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Examples of Java syntax-related features since Java 8

This blog post provides a comprehensive overview of the Java syntax-related features that have been introduced since Java 8. It covers topics such as lambda expressions, method references, default methods, type annotations, local variable type inference, and more. The post explains each feature in detail and provides practical examples to help readers understand how to use them in their own Java programming. Whether you’re a seasoned Java developer or just getting started, this post will help you stay up-to-date with the latest syntax-related features in Java.

Lambdas and Streams

Lambdas are anonymous functions that can be used to create concise and readable code. Streams provide a powerful way to manipulate collections of objects. Together, they enable functional programming techniques in Java.

// Example of using Lambdas and Streams to filter a list of numbers
List<Integer> numbers = Arrays.asList(1, 2, 3, 4, 5);
List<Integer> evenNumbers =
    .filter(n -> n % 2 == 0)
System.out.println(evenNumbers); // Output: [2, 4]


The Optional class provides a way to represent a value that may or may not be present. This can help avoid null pointer exceptions and make code more robust.

// Example of using Optional to get a value from a map
Map<String, String> map = new HashMap<>();
map.put("key1", "value1");
Optional<String> optionalValue = Optional.ofNullable(map.get("key2"));
if (optionalValue.isPresent()) {
} else {
    System.out.println("Value not present");

Default methods in interfaces

Interfaces can now have default methods, which provide a way to add new functionality to an interface without breaking existing implementations.

// Example of a default method in an interface
interface Animal {
    void makeSound();
    default void move() {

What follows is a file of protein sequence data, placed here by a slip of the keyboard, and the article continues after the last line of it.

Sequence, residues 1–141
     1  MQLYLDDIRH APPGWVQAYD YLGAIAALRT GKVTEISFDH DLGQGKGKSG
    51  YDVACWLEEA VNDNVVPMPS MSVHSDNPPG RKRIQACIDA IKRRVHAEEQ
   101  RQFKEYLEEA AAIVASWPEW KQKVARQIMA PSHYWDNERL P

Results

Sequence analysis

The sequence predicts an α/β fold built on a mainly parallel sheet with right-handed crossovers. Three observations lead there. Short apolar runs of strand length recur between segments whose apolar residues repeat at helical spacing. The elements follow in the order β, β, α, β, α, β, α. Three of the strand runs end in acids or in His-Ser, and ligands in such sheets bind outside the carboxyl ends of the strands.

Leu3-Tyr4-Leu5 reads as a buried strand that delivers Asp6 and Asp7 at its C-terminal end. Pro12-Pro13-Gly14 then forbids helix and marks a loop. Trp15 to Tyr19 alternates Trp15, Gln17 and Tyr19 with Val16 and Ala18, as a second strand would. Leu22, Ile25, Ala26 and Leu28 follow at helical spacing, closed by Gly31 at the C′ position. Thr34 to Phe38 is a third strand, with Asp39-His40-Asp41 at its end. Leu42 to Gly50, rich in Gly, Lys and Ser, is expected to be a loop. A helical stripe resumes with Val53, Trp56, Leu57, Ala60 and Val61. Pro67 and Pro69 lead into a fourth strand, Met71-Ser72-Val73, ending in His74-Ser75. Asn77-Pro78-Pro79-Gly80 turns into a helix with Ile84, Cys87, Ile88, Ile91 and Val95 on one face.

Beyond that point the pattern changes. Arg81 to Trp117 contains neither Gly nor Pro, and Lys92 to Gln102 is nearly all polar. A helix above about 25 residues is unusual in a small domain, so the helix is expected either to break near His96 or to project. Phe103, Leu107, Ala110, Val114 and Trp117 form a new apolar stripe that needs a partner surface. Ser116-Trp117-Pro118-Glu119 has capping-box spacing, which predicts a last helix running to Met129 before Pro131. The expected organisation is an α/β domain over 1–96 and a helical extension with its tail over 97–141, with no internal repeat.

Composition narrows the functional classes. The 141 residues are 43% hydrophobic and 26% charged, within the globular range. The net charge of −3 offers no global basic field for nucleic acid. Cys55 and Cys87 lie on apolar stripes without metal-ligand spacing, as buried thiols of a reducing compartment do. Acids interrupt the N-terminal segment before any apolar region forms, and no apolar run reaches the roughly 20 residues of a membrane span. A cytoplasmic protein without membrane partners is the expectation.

System.out.println("The animal is moving");

class Dog implements Animal {
    public void makeSound() {

Dog dog = new Dog();
dog.makeSound(); // Output: Woof!
dog.move(); // Output: The animal is moving

Type Inference

Java now supports type inference, which allows you to declare variables without specifying their type explicitly. The compiler infers the type based on the value being assigned to the variable.

// Example of using type inference with the var keyword
var list = new ArrayList<String>();
System.out.println(list); // Output: [Hello, World]

Method References

Method references provide a way to refer to a method by its name, without invoking it. This can be useful for passing methods as arguments to other methods or for creating lambda expressions.

// Example of using method references to sort a list of strings
List<String> list = Arrays.asList("Apple", "Banana", "Orange");
System.out.println(list); // Output: [Apple, Banana, Orange]

Diamond Operator

The diamond operator allows you to omit the type arguments when creating a generic object, if the type can be inferred from the context.

// Example of using the diamond operator to create a generic list
List<String> list = new ArrayList<>();
System.out.println(list); // Output: [Hello, World]


The try-with-resources statement makes it easier to manage resources that need to be closed after use, such as input/output streams or database connections. It automatically closes the resources at the end of the statement.

// Example of using try-with-resources to read a file
try (BufferedReader reader = new BufferedReader(new FileReader("filename.txt"))) {
    String line;
    while ((line = reader.readLine()) != null) {
} catch (IOException e) {
    System.err.println("Error reading file");


Java now allows you to catch multiple exceptions in a single catch block, using the pipe (|) character to separate the exceptions.

// Example of using multi-catch to handle two exceptions in a single catch block
try {
    // some code that may throw an exception